Summer SAVY 2018: Session 3, Day 4 – Engineering Solutions (Rising 1st)
What a wonderful day we had today! Our beekeeper guest, Mr. Armstrong, from the Nashville Area Beekeepers Association (NABA), presented very engaging information to our engineers, and the students were so thorough and specific with their questions that there was not a bit of “beefuddlement” (pun intended), with a single student by the time Mr. Armstrong left. By far the two biggest highlights of Mr. Armstrong’s visit was getting to wear the protective gear that a beekeeper wears, and seeing the live bees in the hive!
After “beecoming” (pun intended), more knowledgeable about the natural pollination system, our young engineers considered how they could use their knowledge of pollination materials and their properties, and the Engineering Design Process to design and improve a hand pollinator for a model flower. In addition, students had to study four different flower models that presented different pollination system engineering constraints, and they had to choose which flower they would design a hand pollinator for. Flower model examples were the Bucket orchid (droops below the stem of the plant creating a cup or bucket that collects a fluid that is secreted from the plant to trap insects so they carry pollen out), the Dutchman’s pipe (flower has a large cupped opening that tapers to a thin pipe and small bulbous chamber at the base), the Jack-in-the-Pulpit (a base that sticks up in the middle of the flower for pollination), and the Poppy (flat, colorful flower with nectar found in the center). After selecting the type of flower for which to create a hand pollination design, students had to consider what design type and materials would drop off the most pollen to the plant they had chosen. Upon designing a model or diagram plan, and creating the prototype, students tested and improved their hand pollinators! I can’t wait for students to tell you about their hand pollinators, and the engineering process that made it possible, at the Open House on Friday!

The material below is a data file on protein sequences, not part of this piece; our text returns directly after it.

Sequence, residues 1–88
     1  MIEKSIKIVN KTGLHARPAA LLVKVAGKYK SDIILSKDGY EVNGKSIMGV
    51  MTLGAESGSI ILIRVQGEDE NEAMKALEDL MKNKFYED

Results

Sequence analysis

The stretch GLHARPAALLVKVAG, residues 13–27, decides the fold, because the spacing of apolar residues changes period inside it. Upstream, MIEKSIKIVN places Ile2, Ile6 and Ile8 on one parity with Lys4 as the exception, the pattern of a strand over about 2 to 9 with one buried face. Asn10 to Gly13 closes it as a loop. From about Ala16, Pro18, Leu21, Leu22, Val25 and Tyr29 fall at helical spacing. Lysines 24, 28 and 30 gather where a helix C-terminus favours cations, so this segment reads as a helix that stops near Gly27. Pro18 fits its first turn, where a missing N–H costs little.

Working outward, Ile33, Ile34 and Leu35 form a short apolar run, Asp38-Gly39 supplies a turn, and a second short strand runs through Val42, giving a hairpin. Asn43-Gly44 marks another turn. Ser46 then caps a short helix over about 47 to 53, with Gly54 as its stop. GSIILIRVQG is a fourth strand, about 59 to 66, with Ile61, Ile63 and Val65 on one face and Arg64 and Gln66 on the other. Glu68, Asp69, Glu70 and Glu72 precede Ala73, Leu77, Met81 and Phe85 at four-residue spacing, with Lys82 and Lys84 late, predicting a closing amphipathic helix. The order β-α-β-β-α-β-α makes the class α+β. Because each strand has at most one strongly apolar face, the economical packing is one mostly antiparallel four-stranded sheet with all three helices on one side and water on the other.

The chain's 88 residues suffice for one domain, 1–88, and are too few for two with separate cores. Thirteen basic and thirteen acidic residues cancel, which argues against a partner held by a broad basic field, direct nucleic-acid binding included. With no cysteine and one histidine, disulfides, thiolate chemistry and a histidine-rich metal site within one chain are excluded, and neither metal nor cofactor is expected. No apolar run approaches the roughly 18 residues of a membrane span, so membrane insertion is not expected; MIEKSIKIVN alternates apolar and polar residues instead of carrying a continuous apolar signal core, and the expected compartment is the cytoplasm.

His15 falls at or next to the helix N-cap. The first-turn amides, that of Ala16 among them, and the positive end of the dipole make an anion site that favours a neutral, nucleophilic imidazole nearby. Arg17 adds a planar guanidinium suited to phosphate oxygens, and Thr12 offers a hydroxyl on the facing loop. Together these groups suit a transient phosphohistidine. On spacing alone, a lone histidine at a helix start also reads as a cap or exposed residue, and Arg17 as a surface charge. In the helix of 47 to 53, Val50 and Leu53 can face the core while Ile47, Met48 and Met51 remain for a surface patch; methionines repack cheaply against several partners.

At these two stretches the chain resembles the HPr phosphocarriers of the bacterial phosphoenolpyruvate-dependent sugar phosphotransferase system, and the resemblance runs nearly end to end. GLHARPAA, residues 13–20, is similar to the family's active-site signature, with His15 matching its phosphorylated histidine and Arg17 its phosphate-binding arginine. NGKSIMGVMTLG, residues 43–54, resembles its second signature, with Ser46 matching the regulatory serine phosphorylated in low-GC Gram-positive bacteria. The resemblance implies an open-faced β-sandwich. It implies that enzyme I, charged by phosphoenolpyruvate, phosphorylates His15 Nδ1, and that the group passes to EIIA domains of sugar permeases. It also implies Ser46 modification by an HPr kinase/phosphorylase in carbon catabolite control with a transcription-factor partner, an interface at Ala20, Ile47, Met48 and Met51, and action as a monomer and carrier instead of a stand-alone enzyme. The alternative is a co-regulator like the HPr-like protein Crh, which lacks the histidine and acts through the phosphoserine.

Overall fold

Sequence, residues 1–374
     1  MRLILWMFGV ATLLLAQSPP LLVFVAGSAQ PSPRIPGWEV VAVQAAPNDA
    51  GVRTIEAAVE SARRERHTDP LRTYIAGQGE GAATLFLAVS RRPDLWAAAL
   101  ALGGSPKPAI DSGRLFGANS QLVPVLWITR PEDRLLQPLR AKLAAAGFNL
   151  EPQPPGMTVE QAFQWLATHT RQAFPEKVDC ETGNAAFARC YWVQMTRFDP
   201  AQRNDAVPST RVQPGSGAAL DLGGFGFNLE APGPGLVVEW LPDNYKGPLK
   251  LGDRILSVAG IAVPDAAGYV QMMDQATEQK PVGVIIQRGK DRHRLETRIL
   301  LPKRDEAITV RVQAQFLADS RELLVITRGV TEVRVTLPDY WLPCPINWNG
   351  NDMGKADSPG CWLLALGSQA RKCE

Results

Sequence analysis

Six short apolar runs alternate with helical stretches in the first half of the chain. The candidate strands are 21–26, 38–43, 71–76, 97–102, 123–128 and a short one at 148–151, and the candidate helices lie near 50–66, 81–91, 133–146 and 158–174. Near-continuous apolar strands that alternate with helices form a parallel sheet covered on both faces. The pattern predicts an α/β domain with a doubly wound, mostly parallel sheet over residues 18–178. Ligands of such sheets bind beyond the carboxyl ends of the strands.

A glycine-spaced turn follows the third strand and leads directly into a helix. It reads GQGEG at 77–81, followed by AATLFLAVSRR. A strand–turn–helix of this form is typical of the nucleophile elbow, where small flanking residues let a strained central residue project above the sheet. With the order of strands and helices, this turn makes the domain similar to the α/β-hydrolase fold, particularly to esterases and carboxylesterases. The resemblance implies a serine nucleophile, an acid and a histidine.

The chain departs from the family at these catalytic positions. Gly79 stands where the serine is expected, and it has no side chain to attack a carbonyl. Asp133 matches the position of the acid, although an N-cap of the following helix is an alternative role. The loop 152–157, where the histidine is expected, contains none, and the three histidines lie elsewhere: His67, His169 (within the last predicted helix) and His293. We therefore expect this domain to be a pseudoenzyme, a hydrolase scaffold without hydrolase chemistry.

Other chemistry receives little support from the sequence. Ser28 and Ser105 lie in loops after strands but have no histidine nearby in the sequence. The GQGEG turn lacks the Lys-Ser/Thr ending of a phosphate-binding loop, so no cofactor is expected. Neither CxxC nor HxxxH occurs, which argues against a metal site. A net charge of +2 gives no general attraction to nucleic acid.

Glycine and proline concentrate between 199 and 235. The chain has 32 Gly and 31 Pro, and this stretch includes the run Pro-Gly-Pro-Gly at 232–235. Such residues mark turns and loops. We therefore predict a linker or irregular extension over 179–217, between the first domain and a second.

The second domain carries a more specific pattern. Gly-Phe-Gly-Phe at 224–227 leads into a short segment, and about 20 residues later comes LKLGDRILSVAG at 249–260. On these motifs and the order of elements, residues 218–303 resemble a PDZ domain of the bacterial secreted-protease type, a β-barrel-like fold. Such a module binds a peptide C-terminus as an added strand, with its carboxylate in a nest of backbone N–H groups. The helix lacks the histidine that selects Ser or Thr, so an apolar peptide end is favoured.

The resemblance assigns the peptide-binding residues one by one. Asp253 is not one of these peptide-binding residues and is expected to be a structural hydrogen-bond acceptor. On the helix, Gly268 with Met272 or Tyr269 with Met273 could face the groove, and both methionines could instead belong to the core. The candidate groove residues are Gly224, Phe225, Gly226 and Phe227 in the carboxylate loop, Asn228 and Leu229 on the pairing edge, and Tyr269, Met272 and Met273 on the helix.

Through this engineering design process, students learned how important models are to engineers and why they are useful. Students also gained real world experience about why it is important to ask questions, imagine possible solutions, carefully plan with models or diagrams, create a prototype, test and improve, and embrace the learning that comes from beautiful mistakes and failures. In addition, students have learned how they can positively impact the natural pollination system, and how to apply this learning to other systems. Yet, perhaps the most precious and important result from today was that students experienced the feeling of success in applying a disciplined process, and being BOLD enough to lean into the perseverance it takes to see their project to completion!
Our Open House is Friday between 9:00am-9:30am. I am looking forward to meeting you all, and I know you will “bee” amazed at what your “beeautiful” engineers have accomplished this week at SAVY!
Pictures With Our Special Guest